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Tag Archives: Jo Caulfield

Brexit – Pleasance Courtyard, Edinburgh

Writers: Robert Khan and Tom Salinsky Director: Tom Salinsky Reviewer: Stephen Bates With the Westminster Parliament in recess, things have gone a little quiet regarding everybody’s favourite subject - Brexit - so, for those showing withdrawal symptoms, here we have an antidote until things hot up again. When the United Kingdom as a whole overrode the wishes of Scotland and ...

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Partly Political – Theatre Royal, Wakefield

Performers: Rory Bremner, Jan Ravens & Jo Caulfield Reviewer: Ron Simpson Times are hard for a satirical political impressionist. In his Wakefield show Rory Bremner himself quoted the great Tom Lehrer: “Political satire became obsolete when Henry Kissinger was awarded the Nobel Peace Prize,” and things, he claimed, have got worse since 1973 – and who would disagree? So, although his Donald ...

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Rory Bremner: Partly Political – The Lowry, Salford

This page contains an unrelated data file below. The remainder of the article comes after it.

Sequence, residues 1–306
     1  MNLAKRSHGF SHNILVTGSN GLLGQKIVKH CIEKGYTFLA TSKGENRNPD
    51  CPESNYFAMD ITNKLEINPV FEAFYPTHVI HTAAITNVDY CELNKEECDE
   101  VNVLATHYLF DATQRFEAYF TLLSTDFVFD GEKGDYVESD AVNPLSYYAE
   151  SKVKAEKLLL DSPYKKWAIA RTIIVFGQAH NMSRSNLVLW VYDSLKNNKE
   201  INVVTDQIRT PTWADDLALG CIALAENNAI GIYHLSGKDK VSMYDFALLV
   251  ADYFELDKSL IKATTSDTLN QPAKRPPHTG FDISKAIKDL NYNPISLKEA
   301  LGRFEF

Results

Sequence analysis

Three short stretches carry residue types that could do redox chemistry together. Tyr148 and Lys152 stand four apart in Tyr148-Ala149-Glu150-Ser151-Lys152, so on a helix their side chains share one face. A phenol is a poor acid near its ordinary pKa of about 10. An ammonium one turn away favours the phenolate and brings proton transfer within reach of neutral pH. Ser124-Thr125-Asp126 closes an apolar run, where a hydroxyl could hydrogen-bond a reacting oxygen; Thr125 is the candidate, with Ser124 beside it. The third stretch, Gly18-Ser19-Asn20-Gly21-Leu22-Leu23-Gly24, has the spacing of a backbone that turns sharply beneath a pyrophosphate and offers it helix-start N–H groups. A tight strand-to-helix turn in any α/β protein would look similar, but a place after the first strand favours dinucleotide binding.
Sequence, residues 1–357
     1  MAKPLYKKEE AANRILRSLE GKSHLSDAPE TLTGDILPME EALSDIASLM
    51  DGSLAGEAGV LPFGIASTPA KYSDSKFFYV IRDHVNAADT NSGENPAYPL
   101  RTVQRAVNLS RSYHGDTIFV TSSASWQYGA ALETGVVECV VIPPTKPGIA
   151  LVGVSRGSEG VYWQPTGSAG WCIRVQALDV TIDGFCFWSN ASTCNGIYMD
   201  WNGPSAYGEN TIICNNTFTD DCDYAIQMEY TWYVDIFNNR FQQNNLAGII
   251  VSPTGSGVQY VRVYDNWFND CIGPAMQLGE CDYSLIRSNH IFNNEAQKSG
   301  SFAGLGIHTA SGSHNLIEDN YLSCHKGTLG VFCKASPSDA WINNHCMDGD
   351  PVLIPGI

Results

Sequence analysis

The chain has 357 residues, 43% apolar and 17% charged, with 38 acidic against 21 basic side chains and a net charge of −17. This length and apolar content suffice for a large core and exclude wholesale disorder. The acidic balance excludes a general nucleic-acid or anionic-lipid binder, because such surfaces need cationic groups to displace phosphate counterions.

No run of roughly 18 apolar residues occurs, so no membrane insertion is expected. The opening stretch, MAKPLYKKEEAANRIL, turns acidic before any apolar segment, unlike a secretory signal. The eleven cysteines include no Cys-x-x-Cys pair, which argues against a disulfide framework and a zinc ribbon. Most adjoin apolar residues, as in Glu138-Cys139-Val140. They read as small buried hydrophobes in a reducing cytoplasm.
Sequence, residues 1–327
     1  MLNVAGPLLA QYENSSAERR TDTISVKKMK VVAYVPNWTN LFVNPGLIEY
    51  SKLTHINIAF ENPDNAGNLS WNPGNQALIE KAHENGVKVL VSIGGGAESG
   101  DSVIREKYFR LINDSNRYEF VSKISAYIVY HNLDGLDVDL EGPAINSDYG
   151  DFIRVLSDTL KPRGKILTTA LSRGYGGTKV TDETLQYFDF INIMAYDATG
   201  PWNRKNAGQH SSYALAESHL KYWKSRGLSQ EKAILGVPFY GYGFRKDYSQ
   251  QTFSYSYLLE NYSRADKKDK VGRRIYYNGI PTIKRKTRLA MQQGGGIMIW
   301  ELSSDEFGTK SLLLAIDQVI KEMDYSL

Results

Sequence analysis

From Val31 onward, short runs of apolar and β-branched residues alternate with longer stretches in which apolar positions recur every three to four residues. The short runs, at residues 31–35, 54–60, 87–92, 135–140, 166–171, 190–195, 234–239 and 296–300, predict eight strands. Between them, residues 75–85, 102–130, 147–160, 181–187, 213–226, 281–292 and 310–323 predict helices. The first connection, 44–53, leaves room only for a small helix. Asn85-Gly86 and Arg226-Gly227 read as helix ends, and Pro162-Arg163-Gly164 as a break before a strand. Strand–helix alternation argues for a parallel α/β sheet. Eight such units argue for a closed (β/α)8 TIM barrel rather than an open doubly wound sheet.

Reviewer: Matt Forrest It seems odd these days that most stand-up comedians have to introduce themselves before arriving on stage: so when the announcer heralds Rory Bremner’s imminent entrance in a broad northern accent, you would be forgiven for thinking“wow Bremner is pushing the boat out tonight”, but then you realize it’s Bremner himself and a timely reminder at just ...

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Jo Caulfield: Cancel My Subscription – The Stand, Edinburgh

Reviewer: Mark McCulloch Jo Caulfield, nominated as one of the ‘Funniest Women’ in 2010 by LAFTA brings her sell-out, standing room only show Cancel My Subscription to this year’s Edinburgh Festival Fringe. Caulfield, of Mock the Week, Have I Got News for You and Never Mind the Buzzcocks fametakesher audience on an hour long journey of jokes that have little ...

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Edinburgh Fringe: Coalition – Pleasance Dome

Writer: Robert Khan and Tom Salinsky Reviewer: Deborah Klayman [rating:4] It has been a long time since UK politics yielded a character interesting enough to father a truly biting political satire. That is not to say that during the years of Tory and Labour rule there were not a raft of odious, double-dealing players – far from it - but ...

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